What is it?
Basically, Class Dojo is a classroom management system that helps teachers to track student behaviours (both positive and negative) and generates a report at the end of a session.
In action, it looks kind of like this:
Class Dojo is designed to be shown to the class on the Interactive Whiteboard and each of the students can be identified by their own 'monster' alongside their name. If a student demonstrates a positive behaviour, teachers can click on the student's name/monster and assign them a positive point (which comes up green and makes a lovely ping noise!) and likewise, if they are doing something that you want to discourage, you can click and assign them a negative, red point. Any positive or negative feedback is shown on the screen in realtime, so the students can see exactly what they have been awarded. At the end of a session, it can provide you with instant feedback about the kinds of behaviour that students demonstrated during the lesson, helping teachers to give targeted feedback to students.
It is currently running in beta and it is free (yes, free!) - plus the monsters are pretty cute, which is just a bonus really.
What's to like?
I used Class Dojo with my class for a day and the kids really loved it. Sure, I think they are suckers for anything that moves and has bright colours, but the fact that lots of different children have asked about it (including those who got more negatives than positives on the test day), shows that it has made quite a splash with my Year 5/6 class. They keep asking when they can use it again and if they could add some of their on positive/negative behaviour suggestions onto the options. You are able to change these options and add in some of your own (for example, I changed 'creativity' to 'lovely presentation' as this is a current focus in our class), although the default options are fairly inclusive.
As a teacher, I like it because it helps me to keep track of all sorts of things and I can generate a report to give feedback to my class. It has really flagged up a few things that had kind of been going under the radar a bit - certain children who have been interrupting or getting out of their chairs more than necessary that I had kind of let slide a bit. It also gives me evidence to then talk with parents about their child's progress and highlight areas that they are excelling in (such as being helpful) or need to work on (such has handing in their homework on time).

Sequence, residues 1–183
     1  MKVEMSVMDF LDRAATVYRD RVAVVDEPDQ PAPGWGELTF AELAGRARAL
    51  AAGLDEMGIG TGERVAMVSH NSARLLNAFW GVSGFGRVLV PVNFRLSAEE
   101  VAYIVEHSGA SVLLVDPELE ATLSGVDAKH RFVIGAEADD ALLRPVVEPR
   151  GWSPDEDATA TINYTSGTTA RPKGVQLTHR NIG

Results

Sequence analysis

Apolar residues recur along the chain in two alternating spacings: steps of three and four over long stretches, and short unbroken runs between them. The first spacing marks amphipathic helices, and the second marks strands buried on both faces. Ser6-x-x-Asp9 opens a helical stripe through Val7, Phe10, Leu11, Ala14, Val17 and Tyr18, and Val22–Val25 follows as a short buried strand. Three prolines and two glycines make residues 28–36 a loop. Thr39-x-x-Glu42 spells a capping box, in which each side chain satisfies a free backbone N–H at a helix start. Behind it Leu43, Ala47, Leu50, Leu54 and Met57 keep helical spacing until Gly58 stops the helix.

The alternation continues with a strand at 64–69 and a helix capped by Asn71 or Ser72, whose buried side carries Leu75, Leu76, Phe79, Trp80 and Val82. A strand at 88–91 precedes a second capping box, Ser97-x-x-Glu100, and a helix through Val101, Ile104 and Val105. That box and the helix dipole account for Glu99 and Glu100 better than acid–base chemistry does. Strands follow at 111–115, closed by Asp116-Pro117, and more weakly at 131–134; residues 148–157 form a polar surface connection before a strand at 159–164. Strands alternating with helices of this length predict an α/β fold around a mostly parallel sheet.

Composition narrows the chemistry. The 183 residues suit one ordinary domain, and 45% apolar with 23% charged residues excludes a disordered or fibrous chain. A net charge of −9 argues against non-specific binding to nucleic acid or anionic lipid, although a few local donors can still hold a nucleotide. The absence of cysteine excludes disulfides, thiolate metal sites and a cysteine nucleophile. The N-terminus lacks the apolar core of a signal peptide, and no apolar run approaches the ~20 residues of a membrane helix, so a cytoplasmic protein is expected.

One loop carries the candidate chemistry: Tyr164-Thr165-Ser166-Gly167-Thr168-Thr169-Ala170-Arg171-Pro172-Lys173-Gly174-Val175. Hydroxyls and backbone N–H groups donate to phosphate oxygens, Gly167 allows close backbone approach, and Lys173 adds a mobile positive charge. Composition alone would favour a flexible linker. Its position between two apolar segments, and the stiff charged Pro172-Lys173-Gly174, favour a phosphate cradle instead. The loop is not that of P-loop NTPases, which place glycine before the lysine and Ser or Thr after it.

What's to loathe?
The main issue I have with Class Dojo is that it takes up the whole of the IWB screen and, in order to click on any of the students, you need to have it open, right there, taking up the whole board. I find this distracting as it covers up whatever notes/work/etc you have open on the board and breaks the momentum of the lesson. Plus, those children who will do anything for a distraction then just sit there staring at the monsters or the feedback that other students are getting.
If I could design this site, it would look like this:
- A toolbar along the bottom of the screen with a button for each student (with their name and a little monster, just to keep everyone happy!) That way, students could be in control of their own behaviour and you could get them to go up to the board and give themselves the positive or negative reward. That way, it also wouldn't take up the whole screen.
- Pop-up messages that appear over the top of all other windows that say things like, "Great work, Grace. You've been helping others!" when students get a reward. That way, the students would be getting the positive reinforcement they thrive on and it wouldn't necessarily have to interrupt the entire lesson by taking over the big screen.
Lots of teachers have already provided Class Dojo with some great suggestions and feedback as to how to improve the site as part of their beta testing. I really hoping that the good people at Class Dojo take these onboard and make the necessary improvements, as the site has a whole lot of potential.
Personally, at this stage, I'm going to keep using it with my class, although not all of the time. Perhaps as a Thursday treat or just for one subject area? It is fiddly to have to keep issuing the awards for different behaviour and takes everyone (teachers and students) off task a bit.
But, I'm intrigued by what I've seen so far. It could really be a useful tool and I'd like to see more before making my final decision. Huh!